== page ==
October 26, 2011 Edition
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Emily Copeland, a native of Imboden, recently found out that she has cancer and underwent lung surgery. Well-known for her singing ability, she has begun performing again.
Unique young lady battling
unique form of cancer
To just define Emily Copeland as unique would be an injustice to the talented 19-year-old.
She was delighting crowds with her beautiful voice and musical talents at the tender age of three. In the years that followed, Copeland, a Sloan-Hendrix student who transferred to Pocahontas to finish her high school days, added acting and dancing to her list of talents; appearing as Annie at the Jonesboro Forum, Dorothy in the Imperial Dinner Theatre's production of "The Wizard of Oz" and Clara in the "Nutcracker," also at the Imperial Dinner Theater.
During the past few months, Copeland's parents have learned another uniqueness their daughter holds during what has been one of their worst nightmares.
Copeland's mother, Susie Flannery, said her daughter had always suffered from frequent bronchitis but it wasn't until Memorial Day weekend that they learned there was something far worse growing within their daughter's right lung.
"She always got sick so easily with bronchitis and pneumonia, and I even bought a special filtering unit for the house a couple of years ago, thinking that might eliminate some of the problem," Flannery said. "Memorial Day weekend we had to take her to Urgent Care (Five Rivers Medical Center in Pocahontas) where she was diagnosed with pneumonia in her right lung."
Four days later when Copeland was still not responding to antibiotics she was transported to St. Bernards in Jonesboro. Another CT scan was performed.
"They said they felt something else was going on and they were going to find it," Flannery said.
Flannery said three to four different antibiotics were being pumped into her daughter, but she continued to grow worse.
"And then the doctor came in and told me that while there was bronchitis in her lung, he had found something he wasn't expecting to find," Flannery said. "My heart just sank."
What had been discovered was a rare type of tumor in Copeland's right lung.
"He said that in all his years of practice he had only seen four," Flannery said. "He said only one in a hundred were cancerous and that they were normally very slow growing and most are only one centimeter in size."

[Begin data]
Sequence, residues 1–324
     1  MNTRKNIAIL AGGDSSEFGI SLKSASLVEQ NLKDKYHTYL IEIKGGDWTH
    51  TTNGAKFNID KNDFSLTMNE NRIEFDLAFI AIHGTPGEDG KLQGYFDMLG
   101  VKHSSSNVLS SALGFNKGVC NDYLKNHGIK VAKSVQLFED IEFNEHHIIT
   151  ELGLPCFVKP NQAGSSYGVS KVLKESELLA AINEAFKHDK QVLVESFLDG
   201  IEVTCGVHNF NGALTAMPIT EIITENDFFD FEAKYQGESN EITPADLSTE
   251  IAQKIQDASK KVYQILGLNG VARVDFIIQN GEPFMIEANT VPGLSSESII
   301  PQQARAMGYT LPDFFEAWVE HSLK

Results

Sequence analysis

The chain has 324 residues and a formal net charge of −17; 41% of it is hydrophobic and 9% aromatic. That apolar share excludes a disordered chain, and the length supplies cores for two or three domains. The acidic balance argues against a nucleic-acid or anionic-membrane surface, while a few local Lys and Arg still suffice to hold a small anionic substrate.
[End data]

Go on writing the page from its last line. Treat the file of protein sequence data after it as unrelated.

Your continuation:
Copeland was dismissed June 8 and an appointment was scheduled at UAMS in Little Rock where it was discovered that Copeland's tumor was unique in that it was four centimeters in size and was A-typical (cancerous).
"She was the one in a hundred," Flannery said. "I was told that this type of tumor was usually found in people in their 50s and older."
Flannery learned her daughter needed surgery and would perhaps lose a section of her lung. However, on the bright side, it was believed to be contained in her right lung.
"I remember saying I wanted my surgeon to be about 60 and one who had done lots of these surgeries and to know what he was doing," Copeland said. "When he walked in he looked to be about 36."
Copeland learned her young surgeon had completed his training at M.D. Anderson in Texas, and as he explained the procedure and its difficulties, Copeland was told she could be on a vent for the remainder of her life because the breathing study had not been favorable.
"He told us he wasn't too proud to send her to Houston where a number of these types of surgeries had been completed," Flannery said.
Copeland underwent surgery Aug. 16 in Houston where the tumor and the bottom lobe of her right lung were removed, as well as seven lymph nodes.
"You actually have three lobes in your lung," Flannery explained. "They took out the bottom one and had to re-inflate the middle lobe. The right upper lobe was still functioning, but they had to take out a section and reattach it to the bronchial tubes."
Copeland' surgery was deemed a success, although she did have to stop midway on the trip home to receive a blood transfusion. It was determined the cancer had spread, and radiation treatments were not an option for after-surgery treatment. Due to the type of cancerous tumor, Flannery said chemotherapy was also out of the question because of complications involved.
Copeland will now make the trek to Houston every three-to-four months for three years, where she will undergo a full body scan to monitor her recovery.
Since returning home, Copeland has continued her recovery. In January she plans to return to Williams Baptist College to begin her sophomore year.
"After high school I thought about which way I wanted to go - singing or college," Copeland said. "I decided to go to college as a back-up-plan before pursuing a career in music. Actually, my dream job would be to become a television writer. I like singing and playing the guitar, but I would love to be an author - be behind the scenes as a sitcom writer."
Copeland said she feels the cancer has somewhat affected her singing but feels, in time, everything will return to normal.
"They (medical team at M.D. Anderson) said singers always do better after this type of surgery because their lungs are stronger," Flannery said. "She's the rare-of-the-rare in that hers was more aggressive and spread outside the original tumor."
Copeland is indeed the rare-of-the-rare in that she has not only had a speedy recovery, but has even returned to singing, making her first appearance Sept. 23 at Stan Moleski's birthday party in Pocahontas. A couple of weeks later she took the stage at a fund-raiser held in her honor at Sloan-Hendrix School in Imboden.
"I'm not totally back but I'm getting there," she said.
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